A Slow Teaching Collection
02 Mar 2018
After reading ‘In Praise of Slow’ by Carl Honore in February of last year I set off on a mission: an examination of applying slowness to the world of education. Over a year later the book is published by John Catt Educational today and and available to buy from Amazon here. It certainly doesn’t advocate a “tortoise teaching” approach, rather it encourages teachers to take more control of finding the most effective way to orchestrate the incredibly busy world of education. That involves focussing more on what research suggests can make a difference, streamlining our teaching and marking for real impact, and developing more of an understanding of how to manage our wellbeing.
The contents page looks like this:
Foreword by Mary Myatt
Part I: Silent Slow
1. The Slow Teaching Philosophy
2. The Minimalistic Classroom
3. Streamlined Planning and Teaching
4. An Actor’s Paradise: The Non-Verbal in the Classroom
Part II: Slow Talk
5. Efficient Teacher Talk
6. Questioning: Rediscovering the Potential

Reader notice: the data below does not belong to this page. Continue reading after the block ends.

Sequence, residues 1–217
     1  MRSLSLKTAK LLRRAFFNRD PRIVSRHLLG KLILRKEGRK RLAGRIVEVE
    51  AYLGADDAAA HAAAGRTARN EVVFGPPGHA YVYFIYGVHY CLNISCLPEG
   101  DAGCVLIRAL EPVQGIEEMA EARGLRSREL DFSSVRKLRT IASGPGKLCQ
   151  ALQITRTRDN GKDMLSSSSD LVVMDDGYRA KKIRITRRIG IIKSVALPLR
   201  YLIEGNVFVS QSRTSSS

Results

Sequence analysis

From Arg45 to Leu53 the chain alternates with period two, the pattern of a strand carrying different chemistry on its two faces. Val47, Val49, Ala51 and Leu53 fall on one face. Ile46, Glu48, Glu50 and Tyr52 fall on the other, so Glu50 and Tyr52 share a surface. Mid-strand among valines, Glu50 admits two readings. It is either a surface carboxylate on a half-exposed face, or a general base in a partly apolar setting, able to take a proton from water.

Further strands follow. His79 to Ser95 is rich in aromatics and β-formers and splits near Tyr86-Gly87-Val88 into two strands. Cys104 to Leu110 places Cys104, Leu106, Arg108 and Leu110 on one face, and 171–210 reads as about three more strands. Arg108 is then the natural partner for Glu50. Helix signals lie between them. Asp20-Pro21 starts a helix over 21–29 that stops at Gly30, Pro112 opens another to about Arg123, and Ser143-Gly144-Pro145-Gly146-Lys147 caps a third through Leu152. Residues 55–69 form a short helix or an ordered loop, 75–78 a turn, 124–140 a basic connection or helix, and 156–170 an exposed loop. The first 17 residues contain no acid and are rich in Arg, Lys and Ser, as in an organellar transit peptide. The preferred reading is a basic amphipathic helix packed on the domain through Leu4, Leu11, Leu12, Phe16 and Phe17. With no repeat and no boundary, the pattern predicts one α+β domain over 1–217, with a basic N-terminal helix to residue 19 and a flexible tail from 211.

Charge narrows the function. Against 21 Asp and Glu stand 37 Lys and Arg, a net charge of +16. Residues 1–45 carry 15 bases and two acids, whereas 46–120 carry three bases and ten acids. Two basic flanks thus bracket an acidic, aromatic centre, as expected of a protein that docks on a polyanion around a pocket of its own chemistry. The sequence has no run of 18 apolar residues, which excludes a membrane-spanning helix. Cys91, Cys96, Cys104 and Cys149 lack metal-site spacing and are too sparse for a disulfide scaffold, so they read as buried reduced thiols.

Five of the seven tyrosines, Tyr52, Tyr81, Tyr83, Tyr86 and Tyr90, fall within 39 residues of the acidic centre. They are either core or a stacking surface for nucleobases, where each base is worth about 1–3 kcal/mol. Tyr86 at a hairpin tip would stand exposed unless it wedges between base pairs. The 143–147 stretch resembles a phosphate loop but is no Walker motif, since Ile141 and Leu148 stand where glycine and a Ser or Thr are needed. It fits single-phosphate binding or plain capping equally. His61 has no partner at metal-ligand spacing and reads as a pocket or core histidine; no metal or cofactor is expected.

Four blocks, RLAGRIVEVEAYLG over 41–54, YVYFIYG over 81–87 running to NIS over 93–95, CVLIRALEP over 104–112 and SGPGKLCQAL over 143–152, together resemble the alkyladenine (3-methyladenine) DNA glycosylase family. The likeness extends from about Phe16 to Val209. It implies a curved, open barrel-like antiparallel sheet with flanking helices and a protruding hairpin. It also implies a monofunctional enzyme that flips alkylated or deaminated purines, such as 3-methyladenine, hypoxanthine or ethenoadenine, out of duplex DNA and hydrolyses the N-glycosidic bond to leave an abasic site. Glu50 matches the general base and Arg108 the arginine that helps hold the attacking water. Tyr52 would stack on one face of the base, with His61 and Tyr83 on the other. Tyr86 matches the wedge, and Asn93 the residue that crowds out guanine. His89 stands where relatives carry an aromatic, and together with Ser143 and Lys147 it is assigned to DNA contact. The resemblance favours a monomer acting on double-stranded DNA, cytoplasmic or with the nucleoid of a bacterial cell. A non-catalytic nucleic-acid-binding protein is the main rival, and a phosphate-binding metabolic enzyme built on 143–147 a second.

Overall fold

7. To Praise or Not to Praise?
Part III: Slow Relationships
8. Refining Relationships
9. Serene and Stoical Behaviour Management
Part IV: Slow Classroom Strategies
10. The Power of Modelling
11. Developing Motivated and Reflective Learners
12. Debunking Manic Marking
13. Memory Mysteries.
14. Literacy: Beyond the Quick Fix Solutions
15. Teaching the Secrets of Effective Revision
Part V: Slow Teacher Improvement
16. Reflect and Refine: Growing Passionate Teachers
Part VI: Slow Wellbeing
17. Understanding and Managing Stress
18. Arming Ourselves Against Anxiety
19. Tackling Teacher Insomnia: Sleep Easy
20. Embracing Mindfulness: The Meditating and Mindful Teacher
Part VII: Slow Leadership
21. Value-Driven Leadership
One of the things I have particularly enjoyed about the process of (slowly and at times painfully!) writing a book has been the experience of examining the complexities of all these different areas of teaching. I have shared some of the thinking and research from the book on this website and in other places, and this blog is a collection of ten of those posts